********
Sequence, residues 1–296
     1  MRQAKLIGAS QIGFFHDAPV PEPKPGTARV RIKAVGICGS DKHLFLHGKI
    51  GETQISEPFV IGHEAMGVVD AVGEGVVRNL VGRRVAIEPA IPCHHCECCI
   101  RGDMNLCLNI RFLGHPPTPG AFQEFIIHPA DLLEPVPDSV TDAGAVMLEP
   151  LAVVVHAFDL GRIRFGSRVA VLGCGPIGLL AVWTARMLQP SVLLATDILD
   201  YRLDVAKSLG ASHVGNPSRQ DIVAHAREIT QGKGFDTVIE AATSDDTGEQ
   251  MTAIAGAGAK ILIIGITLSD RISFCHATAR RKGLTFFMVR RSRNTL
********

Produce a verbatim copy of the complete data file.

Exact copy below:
Sequence, residues 1–296
     1  MRQAKLIGAS QIGFFHDAPV PEPKPGTARV RIKAVGICGS DKHLFLHGKI
    51  GETQISEPFV IGHEAMGVVD AVGEGVVRNL VGRRVAIEPA IPCHHCECCI
   101  RGDMNLCLNI RFLGHPPTPG AFQEFIIHPA DLLEPVPDSV TDAGAVMLEP
   151  LAVVVHAFDL GRIRFGSRVA VLGCGPIGLL AVWTARMLQP SVLLATDILD
   201  YRLDVAKSLG ASHVGNPSRQ DIVAHAREIT QGKGFDTVIE AATSDDTGEQ
   251  MTAIAGAGAK ILIIGITLSD RISFCHATAR RKGLTFFMVR RSRNTL